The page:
Last edited by Rusty the Scoob on Thu Dec 02, 2010 11:03 am, edited 1 time in total.
 #90235  by JonnyBoy
 Thu Dec 02, 2010 1:16 pm
Yes, the technology has gotten much better, the vocal pro 4 can pitch with the notes from the guitar, which I think is only effective as a strumming acoustic player. Maybe keys would be the best source for pitch in a 5 piece?
 #90273  by Rusty the Scoob
 Thu Dec 02, 2010 8:52 pm
Keys are Even-Tempered - some notes are in tune and some are slightly compensated for nature. If you check out the natural harmonics on your guitar the higher ones are slightly sharp or flat - the 3rd is slightly sharp, I think? I forget. But if you were to tune a keyboard mathematically it would sound terrible. If you were to tune it to sound perfectly in one key it would sound terrible in all the others. JS Bach wrote a famous book called the Well-Tempered Clavier with pieces in all the keys, taking advantage of the new technology of even-tempered tuning.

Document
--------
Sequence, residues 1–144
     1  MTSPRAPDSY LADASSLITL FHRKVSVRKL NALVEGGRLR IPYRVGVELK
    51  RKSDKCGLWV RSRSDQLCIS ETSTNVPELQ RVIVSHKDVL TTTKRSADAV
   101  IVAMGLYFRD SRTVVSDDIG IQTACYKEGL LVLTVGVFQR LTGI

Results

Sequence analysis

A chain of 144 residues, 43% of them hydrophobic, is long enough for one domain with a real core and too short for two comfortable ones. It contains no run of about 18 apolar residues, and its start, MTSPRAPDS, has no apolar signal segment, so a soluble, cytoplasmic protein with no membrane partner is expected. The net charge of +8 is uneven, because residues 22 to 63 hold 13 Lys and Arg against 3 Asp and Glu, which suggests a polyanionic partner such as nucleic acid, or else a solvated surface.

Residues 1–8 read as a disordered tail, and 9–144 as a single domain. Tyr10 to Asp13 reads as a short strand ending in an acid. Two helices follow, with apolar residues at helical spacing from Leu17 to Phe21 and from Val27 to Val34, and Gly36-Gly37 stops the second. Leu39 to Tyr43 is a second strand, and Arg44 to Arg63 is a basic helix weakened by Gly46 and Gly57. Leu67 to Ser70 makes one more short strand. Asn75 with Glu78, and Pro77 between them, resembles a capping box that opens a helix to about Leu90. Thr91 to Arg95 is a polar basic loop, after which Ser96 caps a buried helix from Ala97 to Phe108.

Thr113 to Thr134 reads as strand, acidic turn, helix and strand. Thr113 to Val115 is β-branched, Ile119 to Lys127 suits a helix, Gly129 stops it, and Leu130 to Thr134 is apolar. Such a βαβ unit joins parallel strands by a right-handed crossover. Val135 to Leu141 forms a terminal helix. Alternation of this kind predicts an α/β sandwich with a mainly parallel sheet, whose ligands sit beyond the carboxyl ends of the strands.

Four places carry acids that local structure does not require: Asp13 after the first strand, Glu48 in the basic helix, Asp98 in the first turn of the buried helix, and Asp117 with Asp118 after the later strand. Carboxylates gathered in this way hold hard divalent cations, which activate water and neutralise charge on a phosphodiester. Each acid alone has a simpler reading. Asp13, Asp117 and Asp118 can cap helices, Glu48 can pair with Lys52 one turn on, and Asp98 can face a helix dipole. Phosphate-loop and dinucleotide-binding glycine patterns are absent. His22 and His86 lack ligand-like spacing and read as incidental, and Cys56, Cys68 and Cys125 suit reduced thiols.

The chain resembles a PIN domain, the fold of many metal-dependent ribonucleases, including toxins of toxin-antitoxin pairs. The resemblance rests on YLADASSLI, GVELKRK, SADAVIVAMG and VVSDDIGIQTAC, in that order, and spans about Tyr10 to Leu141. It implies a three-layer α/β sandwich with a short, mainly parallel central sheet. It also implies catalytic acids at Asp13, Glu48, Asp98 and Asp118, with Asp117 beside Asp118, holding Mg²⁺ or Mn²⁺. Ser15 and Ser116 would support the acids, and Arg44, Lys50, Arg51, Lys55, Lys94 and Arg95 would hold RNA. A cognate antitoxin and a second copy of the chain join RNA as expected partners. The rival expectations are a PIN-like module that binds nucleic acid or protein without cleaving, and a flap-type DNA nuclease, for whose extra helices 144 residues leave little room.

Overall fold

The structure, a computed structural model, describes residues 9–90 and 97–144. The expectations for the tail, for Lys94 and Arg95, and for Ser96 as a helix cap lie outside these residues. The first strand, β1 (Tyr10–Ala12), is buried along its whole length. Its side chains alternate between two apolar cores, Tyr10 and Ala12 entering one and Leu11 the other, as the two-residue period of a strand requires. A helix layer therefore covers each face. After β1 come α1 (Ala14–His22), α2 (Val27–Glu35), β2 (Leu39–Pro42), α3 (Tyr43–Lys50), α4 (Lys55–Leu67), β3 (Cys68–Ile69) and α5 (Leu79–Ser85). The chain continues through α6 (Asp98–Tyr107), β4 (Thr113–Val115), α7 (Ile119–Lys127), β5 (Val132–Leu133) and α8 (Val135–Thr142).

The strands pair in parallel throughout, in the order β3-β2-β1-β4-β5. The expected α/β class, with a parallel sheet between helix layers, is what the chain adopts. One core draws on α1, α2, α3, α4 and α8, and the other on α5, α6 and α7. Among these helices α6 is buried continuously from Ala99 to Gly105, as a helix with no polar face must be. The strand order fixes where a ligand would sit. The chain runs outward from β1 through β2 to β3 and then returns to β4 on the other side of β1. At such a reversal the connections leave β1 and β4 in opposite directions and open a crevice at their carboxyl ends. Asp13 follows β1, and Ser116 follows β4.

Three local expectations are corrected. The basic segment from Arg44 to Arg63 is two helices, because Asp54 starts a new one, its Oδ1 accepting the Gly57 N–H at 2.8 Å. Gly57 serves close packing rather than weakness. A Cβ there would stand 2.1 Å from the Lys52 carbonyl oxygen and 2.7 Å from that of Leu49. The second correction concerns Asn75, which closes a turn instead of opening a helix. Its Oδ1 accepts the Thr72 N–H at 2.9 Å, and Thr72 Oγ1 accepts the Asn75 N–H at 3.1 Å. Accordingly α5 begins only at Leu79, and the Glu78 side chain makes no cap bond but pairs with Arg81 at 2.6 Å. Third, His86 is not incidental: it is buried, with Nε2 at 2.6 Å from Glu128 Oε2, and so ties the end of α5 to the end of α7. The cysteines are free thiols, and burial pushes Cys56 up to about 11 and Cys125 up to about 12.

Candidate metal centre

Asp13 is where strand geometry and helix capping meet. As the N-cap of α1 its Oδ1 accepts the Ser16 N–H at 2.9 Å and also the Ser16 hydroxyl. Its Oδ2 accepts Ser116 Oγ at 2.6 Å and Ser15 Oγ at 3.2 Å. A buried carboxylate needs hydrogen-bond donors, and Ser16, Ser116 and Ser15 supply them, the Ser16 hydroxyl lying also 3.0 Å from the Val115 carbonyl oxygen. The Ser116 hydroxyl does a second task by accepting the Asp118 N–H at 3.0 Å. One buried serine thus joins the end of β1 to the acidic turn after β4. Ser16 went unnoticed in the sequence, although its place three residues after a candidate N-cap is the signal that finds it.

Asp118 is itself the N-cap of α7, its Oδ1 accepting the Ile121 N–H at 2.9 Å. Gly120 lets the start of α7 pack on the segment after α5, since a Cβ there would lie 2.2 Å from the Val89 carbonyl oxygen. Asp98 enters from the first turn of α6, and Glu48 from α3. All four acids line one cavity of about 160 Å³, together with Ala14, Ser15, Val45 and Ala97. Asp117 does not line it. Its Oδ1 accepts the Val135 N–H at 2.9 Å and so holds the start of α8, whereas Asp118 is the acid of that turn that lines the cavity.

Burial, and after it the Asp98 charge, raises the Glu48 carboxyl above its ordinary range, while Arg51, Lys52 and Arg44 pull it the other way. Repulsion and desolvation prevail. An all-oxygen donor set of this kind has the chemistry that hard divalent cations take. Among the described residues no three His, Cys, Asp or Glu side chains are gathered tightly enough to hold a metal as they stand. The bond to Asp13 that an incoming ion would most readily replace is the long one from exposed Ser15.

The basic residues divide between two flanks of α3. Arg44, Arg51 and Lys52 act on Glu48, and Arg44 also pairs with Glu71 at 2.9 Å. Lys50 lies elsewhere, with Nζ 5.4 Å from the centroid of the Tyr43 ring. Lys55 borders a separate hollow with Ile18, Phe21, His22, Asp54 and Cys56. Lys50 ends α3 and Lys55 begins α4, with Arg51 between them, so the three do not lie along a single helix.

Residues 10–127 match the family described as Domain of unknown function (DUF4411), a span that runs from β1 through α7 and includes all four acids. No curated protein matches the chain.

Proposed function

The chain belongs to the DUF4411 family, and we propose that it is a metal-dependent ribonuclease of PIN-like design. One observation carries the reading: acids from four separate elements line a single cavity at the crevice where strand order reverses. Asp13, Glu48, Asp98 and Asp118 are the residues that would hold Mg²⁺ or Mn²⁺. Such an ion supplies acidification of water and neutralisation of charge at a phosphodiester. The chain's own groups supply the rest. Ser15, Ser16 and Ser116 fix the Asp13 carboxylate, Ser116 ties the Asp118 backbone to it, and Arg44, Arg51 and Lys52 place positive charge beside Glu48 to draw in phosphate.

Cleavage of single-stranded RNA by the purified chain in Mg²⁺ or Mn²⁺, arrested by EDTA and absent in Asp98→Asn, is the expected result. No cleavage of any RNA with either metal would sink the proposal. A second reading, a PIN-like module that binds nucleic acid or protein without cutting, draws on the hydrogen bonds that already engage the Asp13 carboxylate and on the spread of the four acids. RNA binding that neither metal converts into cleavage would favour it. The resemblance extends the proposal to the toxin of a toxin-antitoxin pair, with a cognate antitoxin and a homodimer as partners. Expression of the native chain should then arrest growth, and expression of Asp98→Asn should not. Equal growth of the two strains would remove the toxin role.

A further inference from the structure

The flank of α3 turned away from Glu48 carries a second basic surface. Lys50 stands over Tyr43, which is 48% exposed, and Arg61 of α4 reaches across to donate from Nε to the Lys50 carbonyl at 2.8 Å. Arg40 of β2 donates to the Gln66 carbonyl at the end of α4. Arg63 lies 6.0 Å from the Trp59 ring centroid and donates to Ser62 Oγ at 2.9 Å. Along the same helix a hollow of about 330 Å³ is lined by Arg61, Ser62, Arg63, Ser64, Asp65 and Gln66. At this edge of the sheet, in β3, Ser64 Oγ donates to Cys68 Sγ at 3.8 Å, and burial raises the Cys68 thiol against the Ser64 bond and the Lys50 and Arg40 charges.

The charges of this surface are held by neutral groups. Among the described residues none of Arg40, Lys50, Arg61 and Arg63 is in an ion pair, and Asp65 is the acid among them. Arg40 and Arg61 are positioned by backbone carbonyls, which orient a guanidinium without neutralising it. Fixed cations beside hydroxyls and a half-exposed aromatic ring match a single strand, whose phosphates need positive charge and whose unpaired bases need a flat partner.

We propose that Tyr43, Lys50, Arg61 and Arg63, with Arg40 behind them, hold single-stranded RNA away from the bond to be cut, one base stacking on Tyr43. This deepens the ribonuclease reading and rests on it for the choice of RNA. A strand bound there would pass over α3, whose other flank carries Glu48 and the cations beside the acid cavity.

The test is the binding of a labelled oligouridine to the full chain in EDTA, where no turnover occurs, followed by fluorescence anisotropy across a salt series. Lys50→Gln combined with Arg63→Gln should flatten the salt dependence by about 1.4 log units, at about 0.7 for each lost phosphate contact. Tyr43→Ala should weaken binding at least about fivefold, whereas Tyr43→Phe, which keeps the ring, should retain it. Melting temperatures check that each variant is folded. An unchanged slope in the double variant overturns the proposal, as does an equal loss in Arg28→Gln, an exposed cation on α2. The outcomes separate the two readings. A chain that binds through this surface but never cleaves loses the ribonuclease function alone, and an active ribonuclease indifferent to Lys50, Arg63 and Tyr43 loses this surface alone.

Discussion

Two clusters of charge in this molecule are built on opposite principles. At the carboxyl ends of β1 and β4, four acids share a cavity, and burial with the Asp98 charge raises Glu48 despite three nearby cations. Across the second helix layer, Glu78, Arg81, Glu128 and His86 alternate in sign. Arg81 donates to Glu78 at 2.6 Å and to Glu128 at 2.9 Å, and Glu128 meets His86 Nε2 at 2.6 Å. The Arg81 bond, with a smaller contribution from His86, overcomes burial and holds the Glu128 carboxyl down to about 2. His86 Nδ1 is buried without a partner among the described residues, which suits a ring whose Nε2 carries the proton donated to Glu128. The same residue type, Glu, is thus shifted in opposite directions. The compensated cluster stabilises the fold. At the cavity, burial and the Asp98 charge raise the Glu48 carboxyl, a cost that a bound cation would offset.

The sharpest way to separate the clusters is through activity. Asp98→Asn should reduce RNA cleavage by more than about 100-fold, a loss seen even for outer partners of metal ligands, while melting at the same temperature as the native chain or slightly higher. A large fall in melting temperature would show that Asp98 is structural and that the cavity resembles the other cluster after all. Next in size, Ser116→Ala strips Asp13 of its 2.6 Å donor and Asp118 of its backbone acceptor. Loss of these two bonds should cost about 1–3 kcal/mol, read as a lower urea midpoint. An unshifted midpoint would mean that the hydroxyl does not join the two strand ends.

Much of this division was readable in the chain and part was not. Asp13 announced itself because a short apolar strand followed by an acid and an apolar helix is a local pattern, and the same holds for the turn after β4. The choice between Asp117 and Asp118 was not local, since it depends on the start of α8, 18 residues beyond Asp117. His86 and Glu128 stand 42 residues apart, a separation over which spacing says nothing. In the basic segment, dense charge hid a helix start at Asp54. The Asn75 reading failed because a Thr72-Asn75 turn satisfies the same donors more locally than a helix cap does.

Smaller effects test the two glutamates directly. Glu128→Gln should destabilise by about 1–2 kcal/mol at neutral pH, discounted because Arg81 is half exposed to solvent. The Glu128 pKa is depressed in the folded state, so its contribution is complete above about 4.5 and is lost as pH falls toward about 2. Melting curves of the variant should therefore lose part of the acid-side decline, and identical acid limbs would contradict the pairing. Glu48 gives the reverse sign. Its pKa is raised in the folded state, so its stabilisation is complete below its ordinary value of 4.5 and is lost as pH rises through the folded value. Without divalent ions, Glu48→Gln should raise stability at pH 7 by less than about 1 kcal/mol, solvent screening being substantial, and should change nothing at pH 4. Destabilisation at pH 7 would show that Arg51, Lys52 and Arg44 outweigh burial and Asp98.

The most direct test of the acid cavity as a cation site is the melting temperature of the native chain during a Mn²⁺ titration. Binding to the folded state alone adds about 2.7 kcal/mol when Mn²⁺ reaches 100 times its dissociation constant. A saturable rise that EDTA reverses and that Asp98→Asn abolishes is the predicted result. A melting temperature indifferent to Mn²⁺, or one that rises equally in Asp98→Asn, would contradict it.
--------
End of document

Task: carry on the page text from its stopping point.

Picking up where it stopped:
#90279  by JonnyBoy
 Fri Dec 03, 2010 7:20 am
That is a great point Scoob, that makes sense. I think the greatest part of the technology is that it sounds authentic and balanced blended properly for backing vocals, especially with a acoustic thing while used sparingly for backing enhancement. It isn't going to make a tone deaf singer into Whitney Houston for sure, but I was very excited about the availability of technology and how well it works. Just like any effect, too much is just too much. :smile:
 #152014  by DaveAlembic
 Wed May 04, 2016 6:49 am
I vaguely remember some electronic harmonizer effect
on Weirs voice during a few versions of "the other one"
I got the feeling that the sound guy ( Healy?) was
f-ing with him and Weir did not like it